Energy Policy in Italy: Contingent Emergency and Structural Weakness

in Italian Politics
Author: Alberto Clò
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In 2006, the energy question—and in particular the natural gas emergency

that will be discussed here—was brought to the attention of

public opinion, of political and economic debate, and of the electoral

contest. First, it needs to be made clear that on both sides, and within

the two coalitions, demagoguery prevailed over pragmatism. Similarly,

the propensity to demonize the proposals of opponents tended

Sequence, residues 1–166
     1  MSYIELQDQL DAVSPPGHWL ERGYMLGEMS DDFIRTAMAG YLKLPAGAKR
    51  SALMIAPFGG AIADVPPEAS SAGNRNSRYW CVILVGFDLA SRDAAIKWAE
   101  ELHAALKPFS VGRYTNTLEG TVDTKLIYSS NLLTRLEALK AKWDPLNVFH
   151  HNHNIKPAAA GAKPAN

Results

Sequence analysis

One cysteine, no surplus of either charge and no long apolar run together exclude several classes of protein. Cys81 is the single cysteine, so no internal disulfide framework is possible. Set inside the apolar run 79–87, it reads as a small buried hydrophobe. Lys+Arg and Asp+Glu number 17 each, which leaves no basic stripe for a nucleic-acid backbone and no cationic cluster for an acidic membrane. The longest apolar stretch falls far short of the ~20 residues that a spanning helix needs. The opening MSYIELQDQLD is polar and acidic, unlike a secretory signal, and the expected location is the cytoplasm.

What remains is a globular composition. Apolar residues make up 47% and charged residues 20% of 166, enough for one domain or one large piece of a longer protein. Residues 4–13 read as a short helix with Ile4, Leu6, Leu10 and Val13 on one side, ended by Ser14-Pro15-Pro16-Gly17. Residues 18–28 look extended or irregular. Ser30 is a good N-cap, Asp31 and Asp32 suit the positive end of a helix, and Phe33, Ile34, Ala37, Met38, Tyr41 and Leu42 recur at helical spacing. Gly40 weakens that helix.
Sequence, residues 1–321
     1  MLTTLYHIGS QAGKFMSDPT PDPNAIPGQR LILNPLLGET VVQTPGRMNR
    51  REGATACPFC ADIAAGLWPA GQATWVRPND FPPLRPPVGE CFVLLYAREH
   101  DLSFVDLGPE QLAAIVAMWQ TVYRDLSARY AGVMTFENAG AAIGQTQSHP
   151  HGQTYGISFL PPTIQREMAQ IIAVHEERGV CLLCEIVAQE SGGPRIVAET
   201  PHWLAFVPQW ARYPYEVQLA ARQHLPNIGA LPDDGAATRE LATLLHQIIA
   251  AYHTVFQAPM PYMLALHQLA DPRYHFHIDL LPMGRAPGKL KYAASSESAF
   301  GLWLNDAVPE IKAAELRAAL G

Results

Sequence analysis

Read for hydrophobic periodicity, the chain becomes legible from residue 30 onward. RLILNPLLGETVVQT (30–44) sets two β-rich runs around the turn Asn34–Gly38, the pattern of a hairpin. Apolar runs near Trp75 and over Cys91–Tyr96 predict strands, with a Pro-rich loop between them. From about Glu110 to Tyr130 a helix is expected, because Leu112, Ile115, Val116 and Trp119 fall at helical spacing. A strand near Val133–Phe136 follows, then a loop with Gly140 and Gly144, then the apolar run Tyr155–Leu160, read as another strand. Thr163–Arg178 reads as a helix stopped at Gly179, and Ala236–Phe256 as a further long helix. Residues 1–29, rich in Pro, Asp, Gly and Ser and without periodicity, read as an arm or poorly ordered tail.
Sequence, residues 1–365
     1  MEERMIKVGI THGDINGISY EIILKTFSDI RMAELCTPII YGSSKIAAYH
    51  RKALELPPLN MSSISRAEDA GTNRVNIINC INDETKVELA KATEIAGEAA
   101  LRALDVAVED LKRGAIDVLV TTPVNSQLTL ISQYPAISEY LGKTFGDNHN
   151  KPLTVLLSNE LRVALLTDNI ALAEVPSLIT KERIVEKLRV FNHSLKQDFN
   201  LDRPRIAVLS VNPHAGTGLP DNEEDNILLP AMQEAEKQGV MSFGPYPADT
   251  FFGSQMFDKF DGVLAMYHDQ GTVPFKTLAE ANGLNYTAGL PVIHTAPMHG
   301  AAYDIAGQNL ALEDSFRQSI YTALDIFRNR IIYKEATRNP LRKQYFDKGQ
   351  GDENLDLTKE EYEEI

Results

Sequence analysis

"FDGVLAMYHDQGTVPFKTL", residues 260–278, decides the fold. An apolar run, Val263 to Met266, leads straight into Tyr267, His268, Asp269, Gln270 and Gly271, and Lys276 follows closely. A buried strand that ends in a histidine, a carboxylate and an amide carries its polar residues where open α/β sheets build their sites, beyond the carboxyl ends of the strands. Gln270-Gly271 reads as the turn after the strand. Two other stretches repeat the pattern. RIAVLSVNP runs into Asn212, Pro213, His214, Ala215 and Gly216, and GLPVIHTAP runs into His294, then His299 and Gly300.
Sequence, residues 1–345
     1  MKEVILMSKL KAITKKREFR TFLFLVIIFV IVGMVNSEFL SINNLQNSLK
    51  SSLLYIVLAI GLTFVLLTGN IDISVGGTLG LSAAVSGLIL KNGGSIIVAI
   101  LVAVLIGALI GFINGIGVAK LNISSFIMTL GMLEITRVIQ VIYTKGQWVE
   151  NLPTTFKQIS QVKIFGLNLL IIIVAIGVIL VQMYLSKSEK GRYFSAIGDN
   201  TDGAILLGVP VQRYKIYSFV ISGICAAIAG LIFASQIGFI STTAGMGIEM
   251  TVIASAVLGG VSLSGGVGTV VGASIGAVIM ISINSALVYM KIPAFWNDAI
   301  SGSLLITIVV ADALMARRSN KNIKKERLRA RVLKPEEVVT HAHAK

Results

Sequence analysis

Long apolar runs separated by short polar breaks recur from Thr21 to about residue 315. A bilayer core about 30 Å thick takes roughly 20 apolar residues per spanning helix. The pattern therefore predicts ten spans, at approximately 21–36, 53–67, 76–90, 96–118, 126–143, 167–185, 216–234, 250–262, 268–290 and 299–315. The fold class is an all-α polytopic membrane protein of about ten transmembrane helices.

to hold sway over attempts to contribute constructively to the discussion.

Thus, a game of mutual vetoes and false propositions took place,

characterized by erroneous diagnoses aimed solely at avoiding the

electoral costs that the required choices would have imposed. This

had the inevitable result of confusing public opinion, which should

be aware of the issue, and feeding the general “right of veto,” which,

since before the reform of Title V of the Constitution, has allowed

anyone to prevent others from doing anything—with the result that

nothing happens.

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